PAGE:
Saudi Blogger Arrested, Held Without Charges
Saudi Arabian officials have reportedly detained a blogger whose writing has criticized religious extremism in the country, according to the two press freedom groups and a regional human-rights organization.
Blogger and IT professional Fouad Ahmed al-Farhan, 32, was taken into custody on December 10, the Committee to Protect Journalistsreported on Wednesday. His Arabic-language site now has a "Free Fouad" banner in English across the top.
In a letter sent to friends shortly before his arrest, al-Farhan wrote that he had been told that the interior ministry was investigating him and would pick him up within two weeks. At the time he described the worst case as being jailed for three days, but he was still being held without charge as of Friday, according to Joel Campagna, Middle East program coordinator for the CPJ in New York.
Al-Farhan's blog promotes political reform and bears the tagline, "Searching for freedom, dignity, justice, equality, Shura and all the remaining Islamic values which are missing," along with a dedication to his daughters, according to a report on the website of the Arabic Network for Human Rights Information. Some of his more critical commentary has dealt with the question of religious extremism, Campagna said. Al-Farhan also recently posted a blog item criticizing ten well-known personalities who have close ties to the Saudi royal family, he said.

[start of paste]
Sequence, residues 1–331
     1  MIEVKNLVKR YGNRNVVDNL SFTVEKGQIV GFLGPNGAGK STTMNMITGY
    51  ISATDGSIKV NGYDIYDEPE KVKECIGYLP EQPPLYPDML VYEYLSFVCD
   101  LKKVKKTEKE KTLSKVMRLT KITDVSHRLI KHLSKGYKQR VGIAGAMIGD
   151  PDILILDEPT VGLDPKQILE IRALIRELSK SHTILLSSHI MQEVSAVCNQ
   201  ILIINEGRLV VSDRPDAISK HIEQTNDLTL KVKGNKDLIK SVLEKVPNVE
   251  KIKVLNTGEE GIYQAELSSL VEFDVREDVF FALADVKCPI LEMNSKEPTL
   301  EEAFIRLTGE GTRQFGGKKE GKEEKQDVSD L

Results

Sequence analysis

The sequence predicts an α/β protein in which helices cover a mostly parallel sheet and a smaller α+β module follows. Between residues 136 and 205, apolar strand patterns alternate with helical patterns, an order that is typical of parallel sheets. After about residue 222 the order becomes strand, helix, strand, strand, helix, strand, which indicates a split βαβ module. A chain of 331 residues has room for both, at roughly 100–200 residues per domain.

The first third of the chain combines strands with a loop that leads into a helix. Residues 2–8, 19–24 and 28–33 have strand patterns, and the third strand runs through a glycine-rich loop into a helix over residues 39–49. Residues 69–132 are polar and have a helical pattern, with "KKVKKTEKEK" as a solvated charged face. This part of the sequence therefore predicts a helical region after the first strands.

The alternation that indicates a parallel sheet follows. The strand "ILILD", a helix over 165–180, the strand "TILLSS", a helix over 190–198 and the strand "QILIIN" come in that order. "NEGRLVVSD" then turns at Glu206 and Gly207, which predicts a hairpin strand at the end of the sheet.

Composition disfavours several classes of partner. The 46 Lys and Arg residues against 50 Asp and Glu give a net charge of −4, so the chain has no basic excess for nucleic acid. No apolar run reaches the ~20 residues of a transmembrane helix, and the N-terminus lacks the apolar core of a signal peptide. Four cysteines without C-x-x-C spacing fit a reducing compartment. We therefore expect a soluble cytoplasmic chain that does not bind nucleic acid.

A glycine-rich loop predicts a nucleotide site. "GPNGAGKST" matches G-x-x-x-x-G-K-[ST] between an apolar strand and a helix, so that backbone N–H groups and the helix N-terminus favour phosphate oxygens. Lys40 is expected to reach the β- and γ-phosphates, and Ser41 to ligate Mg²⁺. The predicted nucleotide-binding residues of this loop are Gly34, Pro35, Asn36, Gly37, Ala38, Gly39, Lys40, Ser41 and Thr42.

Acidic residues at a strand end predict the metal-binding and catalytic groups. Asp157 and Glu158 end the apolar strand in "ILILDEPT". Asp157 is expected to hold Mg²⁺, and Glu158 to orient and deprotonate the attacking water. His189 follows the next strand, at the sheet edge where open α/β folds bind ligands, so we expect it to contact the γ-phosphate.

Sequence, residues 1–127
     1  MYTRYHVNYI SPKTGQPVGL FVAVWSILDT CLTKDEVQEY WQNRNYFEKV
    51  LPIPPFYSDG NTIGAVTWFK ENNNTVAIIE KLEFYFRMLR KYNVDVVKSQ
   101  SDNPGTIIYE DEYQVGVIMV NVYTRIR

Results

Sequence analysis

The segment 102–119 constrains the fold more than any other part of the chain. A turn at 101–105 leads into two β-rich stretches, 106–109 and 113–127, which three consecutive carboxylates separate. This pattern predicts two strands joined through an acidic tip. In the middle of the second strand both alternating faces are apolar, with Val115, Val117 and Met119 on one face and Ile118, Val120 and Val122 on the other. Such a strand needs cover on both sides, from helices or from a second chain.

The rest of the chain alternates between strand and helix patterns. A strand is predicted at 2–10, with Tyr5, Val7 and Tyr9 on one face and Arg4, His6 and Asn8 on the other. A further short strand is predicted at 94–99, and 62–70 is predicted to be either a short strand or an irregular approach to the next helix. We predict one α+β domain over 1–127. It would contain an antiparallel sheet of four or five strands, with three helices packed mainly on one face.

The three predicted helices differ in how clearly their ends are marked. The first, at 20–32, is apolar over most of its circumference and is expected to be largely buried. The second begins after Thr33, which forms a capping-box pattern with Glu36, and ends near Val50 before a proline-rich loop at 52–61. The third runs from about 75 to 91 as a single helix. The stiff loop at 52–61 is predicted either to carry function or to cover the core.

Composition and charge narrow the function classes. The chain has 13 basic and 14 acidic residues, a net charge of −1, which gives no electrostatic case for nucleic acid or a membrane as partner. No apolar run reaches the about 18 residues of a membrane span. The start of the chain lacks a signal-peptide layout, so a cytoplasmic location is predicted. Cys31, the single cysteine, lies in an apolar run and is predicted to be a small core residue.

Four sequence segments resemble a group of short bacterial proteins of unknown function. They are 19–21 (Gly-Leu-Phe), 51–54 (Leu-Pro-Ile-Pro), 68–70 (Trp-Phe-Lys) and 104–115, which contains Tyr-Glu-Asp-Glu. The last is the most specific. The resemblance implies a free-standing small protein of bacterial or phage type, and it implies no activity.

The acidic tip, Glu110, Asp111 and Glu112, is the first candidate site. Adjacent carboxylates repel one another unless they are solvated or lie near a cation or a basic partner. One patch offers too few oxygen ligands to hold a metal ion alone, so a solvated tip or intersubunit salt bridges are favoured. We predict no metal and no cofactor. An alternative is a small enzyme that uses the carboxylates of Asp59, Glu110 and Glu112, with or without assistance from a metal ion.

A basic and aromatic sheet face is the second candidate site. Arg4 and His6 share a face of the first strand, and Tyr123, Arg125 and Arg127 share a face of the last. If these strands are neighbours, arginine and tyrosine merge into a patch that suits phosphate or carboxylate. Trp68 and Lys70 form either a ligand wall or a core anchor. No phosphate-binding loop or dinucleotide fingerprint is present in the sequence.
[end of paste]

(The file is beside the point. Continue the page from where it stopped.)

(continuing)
The Saudi government heavily censors Internet content, both political criticism and pornography, Campagna said. Contentious news or political commentary sites are frequently blocked.
There have been previous incidents of online writers suffering retaliation. In 2006, Saudi journalist Rabah al-Quwai', who had criticized religious extremism, was held for 13 days. In order to obtain his release he had to confess to having denigrated Islamic beliefs, and promise to would defend Islamic values in his future work, the CPJ reported.
Reporters Without Borders Thursday released a statement calling for al-Farhan's release; its current list of "13 Internet Enemies" includes Saudi Arabia.
Research into Internet content filtering by the OpenNet Initiative shows substantial blocking activity by the government of Saudi Arabia. The group says that filtering content for political reasons is the common denominator across the Middle East.
The CPJ last year detailed Saudi media censorship in its report, Princes, Clerics and Censors.